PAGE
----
Foxcroft Solution For Analyzer Flow Blockage

Posted by Ray Sullivan on Fri, May 20, 2011 @ 09:39 AM

 rotometer stops air binding4 resized 600Occasionally we encounter flow reduction or blockage in chlorine analyzers monitoring certain groundwater sources.

We examined this problem at a well station in our area that chlorinates and monitors ground water. The water drawn from the sample tap, unlike aerated "white water", was initially clear with some microbubbles of dissolved oxygen or gases.

These microbubbles decompressed and expanded into clusters of larger bubbles to restrict the orifice in the analyzer flow cell. The blockage would trigger a low chlorine alarm and require extra attention from the operators to remain in compliance.

In our research we found that bubble traps or bubble eliminators can provide mixed results in some applications; so we decided to  prevent bubbles from developing within the analyzer.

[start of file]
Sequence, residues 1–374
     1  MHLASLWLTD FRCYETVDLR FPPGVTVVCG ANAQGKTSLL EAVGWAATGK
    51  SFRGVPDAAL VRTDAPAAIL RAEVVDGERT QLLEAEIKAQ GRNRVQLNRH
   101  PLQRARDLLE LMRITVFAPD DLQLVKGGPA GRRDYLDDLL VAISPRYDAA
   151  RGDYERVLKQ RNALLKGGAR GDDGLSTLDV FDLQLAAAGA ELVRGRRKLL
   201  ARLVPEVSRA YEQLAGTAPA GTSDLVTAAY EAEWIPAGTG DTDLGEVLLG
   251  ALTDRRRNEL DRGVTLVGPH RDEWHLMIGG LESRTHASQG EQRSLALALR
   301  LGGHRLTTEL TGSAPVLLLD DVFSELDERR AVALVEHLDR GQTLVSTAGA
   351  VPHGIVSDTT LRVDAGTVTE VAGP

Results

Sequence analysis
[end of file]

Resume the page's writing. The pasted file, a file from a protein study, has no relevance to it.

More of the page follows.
Our FX-1000P Rotometer keeps the sample pressurized through the flow cell orifice until it reaches the measuring cell. Since the residual is determined almost instantly, the sample overflows to waste before bubbles have time to enlarge and cause problems. 

The controlled flow also eliminates the need to recalibrate due to flow rate changes, which simplifies consistent, accurate chlorine residual measurement. It's easy to install and includes a pressure regulator with gauge.

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Tags: bubbles, air binding, flow blockage, chlorine analyzer